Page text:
While you are eager to step out during this pandemic, you fail to realize that your present situation has been transitioned already to provide you with that exact state of happiness and fulfilment that you seek outdoors
By Yeseng Borgohain
Home, a word constituting four letters. But the term ‘Home’, carries the weightage of many unspoken and undefined emotions. In a universal way, we can understand it as a place of belongingness. Although the idea of belongingness might vary in several instances, more or less it retains the same essence throughout the globe.
Staying indoors longer than required has certainly challenged the notions of comfort and serenity associated with homes. Earlier, after witnessing the historic Pink City or delving into the misty roads and exotic scenery of Coorg, one would always rush back home for ultimate rejuvenation from a tiresome trip and relive noteworthy moments of vacations.
But living in an exile for over a year and that too in one’s own abode is surely a threat to the ideas of peace and certainty, which is a corollary of home. On top of that, the ‘Work from Home’ culture has significantly transformed homes into workplaces.
Laptops, charts and files scattered around each corner of the house do not generally give the impression of an ideal home. With all these monotonous and dystopian changes did the pandemic shower any positive change in this arena?
‘Whatever it is you’re seeking won’t come in the form you’re expecting’, says Haruki Murakami, a renowned Japanese writer. This quote particularly sums up the current state of anticipation from one’s home. While you are eager to break the chain of monotony by exploring the unexplored areas of the world to experience a positive and fulfilling state, you have failed to realize that your present situation has been transitioned already to provide you with that exact state of happiness and fulfilment.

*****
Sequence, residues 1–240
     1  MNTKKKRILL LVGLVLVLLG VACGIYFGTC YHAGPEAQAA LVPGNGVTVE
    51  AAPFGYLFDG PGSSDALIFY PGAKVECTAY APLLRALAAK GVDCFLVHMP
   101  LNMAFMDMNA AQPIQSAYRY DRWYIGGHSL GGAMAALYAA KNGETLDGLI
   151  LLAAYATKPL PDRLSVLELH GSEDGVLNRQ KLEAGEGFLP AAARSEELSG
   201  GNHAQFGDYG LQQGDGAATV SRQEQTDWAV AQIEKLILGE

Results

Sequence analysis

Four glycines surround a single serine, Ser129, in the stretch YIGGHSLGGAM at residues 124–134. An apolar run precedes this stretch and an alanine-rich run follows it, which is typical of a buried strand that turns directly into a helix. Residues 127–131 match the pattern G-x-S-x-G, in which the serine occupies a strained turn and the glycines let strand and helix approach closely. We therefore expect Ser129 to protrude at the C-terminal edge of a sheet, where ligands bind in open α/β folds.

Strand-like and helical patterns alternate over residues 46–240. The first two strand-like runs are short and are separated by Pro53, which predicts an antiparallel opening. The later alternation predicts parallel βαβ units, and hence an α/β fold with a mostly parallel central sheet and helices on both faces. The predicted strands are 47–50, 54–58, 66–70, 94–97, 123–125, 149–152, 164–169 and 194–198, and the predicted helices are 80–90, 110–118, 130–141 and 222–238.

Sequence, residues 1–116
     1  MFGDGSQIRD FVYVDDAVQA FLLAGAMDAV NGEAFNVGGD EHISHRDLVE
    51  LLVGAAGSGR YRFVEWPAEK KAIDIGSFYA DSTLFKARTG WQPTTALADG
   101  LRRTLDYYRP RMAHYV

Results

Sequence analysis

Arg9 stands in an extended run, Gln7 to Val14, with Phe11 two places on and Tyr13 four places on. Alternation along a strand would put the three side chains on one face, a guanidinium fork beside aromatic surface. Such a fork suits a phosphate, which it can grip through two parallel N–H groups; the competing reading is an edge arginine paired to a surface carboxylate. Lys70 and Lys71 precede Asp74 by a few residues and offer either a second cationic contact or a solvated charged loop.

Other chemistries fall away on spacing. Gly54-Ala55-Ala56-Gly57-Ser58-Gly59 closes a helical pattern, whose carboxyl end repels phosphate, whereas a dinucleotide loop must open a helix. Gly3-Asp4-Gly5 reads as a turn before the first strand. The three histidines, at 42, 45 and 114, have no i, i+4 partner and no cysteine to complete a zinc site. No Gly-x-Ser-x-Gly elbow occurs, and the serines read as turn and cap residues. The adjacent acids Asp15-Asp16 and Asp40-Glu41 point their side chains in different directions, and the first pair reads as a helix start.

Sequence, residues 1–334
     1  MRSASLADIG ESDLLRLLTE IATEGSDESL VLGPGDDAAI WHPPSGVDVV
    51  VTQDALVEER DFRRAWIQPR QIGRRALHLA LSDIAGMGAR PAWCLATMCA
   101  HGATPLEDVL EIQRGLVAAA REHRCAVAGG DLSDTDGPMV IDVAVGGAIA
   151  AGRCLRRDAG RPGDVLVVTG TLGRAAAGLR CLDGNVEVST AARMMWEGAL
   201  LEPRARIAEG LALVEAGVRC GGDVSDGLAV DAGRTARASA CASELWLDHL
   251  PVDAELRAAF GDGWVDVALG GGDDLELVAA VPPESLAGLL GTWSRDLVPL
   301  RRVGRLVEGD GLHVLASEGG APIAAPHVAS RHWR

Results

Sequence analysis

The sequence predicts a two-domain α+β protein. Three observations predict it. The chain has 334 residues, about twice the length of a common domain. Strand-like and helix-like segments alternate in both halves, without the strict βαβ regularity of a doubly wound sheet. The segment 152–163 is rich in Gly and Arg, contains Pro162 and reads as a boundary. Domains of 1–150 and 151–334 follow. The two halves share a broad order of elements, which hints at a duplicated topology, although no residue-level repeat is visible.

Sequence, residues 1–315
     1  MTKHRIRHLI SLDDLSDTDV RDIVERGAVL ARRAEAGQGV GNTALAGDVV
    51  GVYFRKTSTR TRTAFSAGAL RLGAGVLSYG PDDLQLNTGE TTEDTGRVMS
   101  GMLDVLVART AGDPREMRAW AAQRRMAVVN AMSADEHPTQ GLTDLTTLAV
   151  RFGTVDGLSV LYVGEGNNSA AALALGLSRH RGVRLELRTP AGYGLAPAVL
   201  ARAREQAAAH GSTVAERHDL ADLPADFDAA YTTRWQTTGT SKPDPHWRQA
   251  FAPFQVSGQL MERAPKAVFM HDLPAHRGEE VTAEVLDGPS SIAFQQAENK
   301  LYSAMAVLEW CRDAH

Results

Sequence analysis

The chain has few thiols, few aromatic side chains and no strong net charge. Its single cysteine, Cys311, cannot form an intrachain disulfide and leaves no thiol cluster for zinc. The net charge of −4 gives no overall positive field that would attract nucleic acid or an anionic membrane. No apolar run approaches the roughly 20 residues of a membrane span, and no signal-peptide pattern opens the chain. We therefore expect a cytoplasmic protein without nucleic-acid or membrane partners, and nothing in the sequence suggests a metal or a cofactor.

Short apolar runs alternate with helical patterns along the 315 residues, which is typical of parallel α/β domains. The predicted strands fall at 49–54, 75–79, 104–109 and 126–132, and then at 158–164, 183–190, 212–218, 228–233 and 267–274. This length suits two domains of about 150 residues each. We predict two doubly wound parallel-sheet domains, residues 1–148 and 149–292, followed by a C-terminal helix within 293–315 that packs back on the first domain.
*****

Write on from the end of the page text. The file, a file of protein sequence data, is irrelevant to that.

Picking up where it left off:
Enjoying a cup of coffee in the morning without any hassle to catch the bus or reach the destination at the stipulated period, spectating the morning birds and their shenanigans, and smiling in the gleaming sunlight with full of hope and positivity are some rare activities that one gets to experience.
The analogy drawn above signifies that the change in the meaning of home has surely produced more positive and delightful effects in comparison to its negative counterparts. The global shutdown of food outlets has given rise to many amateur chefs and produced many novel and delectable dishes. Many people have resorted to painting, and gardening for killing the time or as a means of dealing with burnout. This confinement within the four walls has certainly unraveled the fact that we, as human beings have such undiscovered potential to contribute and it surely is very satiating to live upon.
During this pandemic, the solitary and minimal human contact has led to the process of introspection. The feeling of losing and finding yourself again, the lifelong epiphanies, and embracing individualism, all have some deepest impacts on the psyche and behavior of individuals. As the famous Danish philosopher Soren Kierkegaard opines, ‘Life must be understood backwards; but it must be lived forwards’.
The time we have spent in our homes is just one of the many moments that we have triumphed, and looking back all the hardships and difficulties that we have endured will act as morale booster in upcoming endeavors. Thus, homes in pandemic have altogether generated a broadened scope of learning, engaging and embracing isolation.
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Yeseng Borgohain is pursuing Sociology at Cotton University, Guwahati. Apart from creative writing, she is a trained singer in Indian Classical music. She also loves poetry and home decor.